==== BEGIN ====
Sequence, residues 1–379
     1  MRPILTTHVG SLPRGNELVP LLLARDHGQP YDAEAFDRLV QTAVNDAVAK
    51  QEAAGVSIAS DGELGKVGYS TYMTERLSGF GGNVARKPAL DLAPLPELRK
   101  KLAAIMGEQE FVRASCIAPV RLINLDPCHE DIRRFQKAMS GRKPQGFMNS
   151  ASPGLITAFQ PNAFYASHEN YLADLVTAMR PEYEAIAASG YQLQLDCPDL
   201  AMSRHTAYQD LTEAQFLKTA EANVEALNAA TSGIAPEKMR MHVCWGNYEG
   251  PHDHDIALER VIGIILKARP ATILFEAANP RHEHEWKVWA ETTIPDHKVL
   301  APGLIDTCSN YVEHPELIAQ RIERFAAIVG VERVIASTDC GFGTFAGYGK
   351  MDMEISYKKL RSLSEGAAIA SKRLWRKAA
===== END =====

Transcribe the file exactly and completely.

Sequence, residues 1–379
     1  MRPILTTHVG SLPRGNELVP LLLARDHGQP YDAEAFDRLV QTAVNDAVAK
    51  QEAAGVSIAS DGELGKVGYS TYMTERLSGF GGNVARKPAL DLAPLPELRK
   101  KLAAIMGEQE FVRASCIAPV RLINLDPCHE DIRRFQKAMS GRKPQGFMNS
   151  ASPGLITAFQ PNAFYASHEN YLADLVTAMR PEYEAIAASG YQLQLDCPDL
   201  AMSRHTAYQD LTEAQFLKTA EANVEALNAA TSGIAPEKMR MHVCWGNYEG
   251  PHDHDIALER VIGIILKARP ATILFEAANP RHEHEWKVWA ETTIPDHKVL
   301  APGLIDTCSN YVEHPELIAQ RIERFAAIVG VERVIASTDC GFGTFAGYGK
   351  MDMEISYKKL RSLSEGAAIA SKRLWRKAA